Sunday 22 May 2022 11:58 PM Tax cuts set for millions of Australians after Anthony Albanese wins election trends now
By Stephen Johnson, Nic White, and Charlie Moore for Daily Mail Australia
Help for first home buyers
Labor will introduce a 'Help to Buy' scheme where the government would take a 40 per cent stake in up to 10,000 homes a year to help people earning less than $90,000 on to the property ladder.
Mr Albanese will also create a $10 billion Housing Australia Future Fund to build 30,000 new social and affordable housing properties in its first five years.
One of Labor's most significant policies is to increase childcare subsidies for all families earning less than $530,000.
'We can write universal childcare into that proud tradition,' Mr Albanese told supporters.
Mr Albanese would remove a cap that prevents families earning more than $189,390 from receiving more than $10,560 a year in subsidies.
A family on $189,390 that uses childcare five days a week would instead get $21,608 in subsidies, more than double the current allowance.
Lower income families would also benefit from increased subsidies. For example, a family taking home $80,000 a year would get an extra $2,389 a year for full-time care.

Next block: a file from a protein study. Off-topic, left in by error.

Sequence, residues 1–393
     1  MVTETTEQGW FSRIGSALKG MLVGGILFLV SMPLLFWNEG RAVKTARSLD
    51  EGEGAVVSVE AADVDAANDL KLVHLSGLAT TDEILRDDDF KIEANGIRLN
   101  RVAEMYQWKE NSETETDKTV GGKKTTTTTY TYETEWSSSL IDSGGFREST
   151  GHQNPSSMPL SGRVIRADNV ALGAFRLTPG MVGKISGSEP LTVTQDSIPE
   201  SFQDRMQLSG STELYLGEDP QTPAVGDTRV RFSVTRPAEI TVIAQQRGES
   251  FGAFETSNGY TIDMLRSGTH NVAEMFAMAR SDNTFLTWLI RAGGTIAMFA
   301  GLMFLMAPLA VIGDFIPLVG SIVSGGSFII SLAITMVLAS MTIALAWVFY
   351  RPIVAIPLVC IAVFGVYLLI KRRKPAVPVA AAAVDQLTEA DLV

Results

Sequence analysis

Labor will also launch a review into providing a 90 per cent universal childcare subsidy.
Labor will implement the stage-three income tax cuts in 2024, which will create a flat rate of 30 per cent between $45,000 and $200,000.
The move mostly benefits those earning more than $120,000, who are now still taxed at 37 per cent.
Labor dropped its 2019 policy to ban negative gearing, a major tax bonus for property investors which economists say pushes up house prices.
Mr Albanese talked about Labor as the party of opportunity, using the language of self improvement over class warfare in his speech.
'But also no one held back: of course, we should always support aspiration and opportunity,' he said.
Labor will provide 465,000 free TAFE places and 20,000 extra university places under a $1.2 billion plan.
The free TAFE places will be for courses in industries with a skills shortages such as trades and construction, resources, digital and cyber security, new energy, and advanced manufacturing.
Labor has no plans to reduce university fees after the Coalition hiked prices for humanities courses.
Access to GPs
Mr Albanese has pledged to build 50 first-aid clinics across the country.
The clinics will treat non-life threatening injuries such as broken bones, minor burns, cuts and animal stings and be open every day between 8am to 10pm.
He also promised to spend $750 million over four years to improve access to GPs including outside business hours.
Labor will increase government subsidies for medicines on the Pharmaceutical Benefits Scheme by reducing the maximum cost for the patient from $42.50 to $30 per script.
Defence and borders
Labor is backing the AUKUS alliance and obtaining nuclear-powered submarines to counter the rise of China.
Labor supports boat turn-backs and offshore processing but would scrap temporary protection visas. This would allow thousands of refugees already living in Australia to stay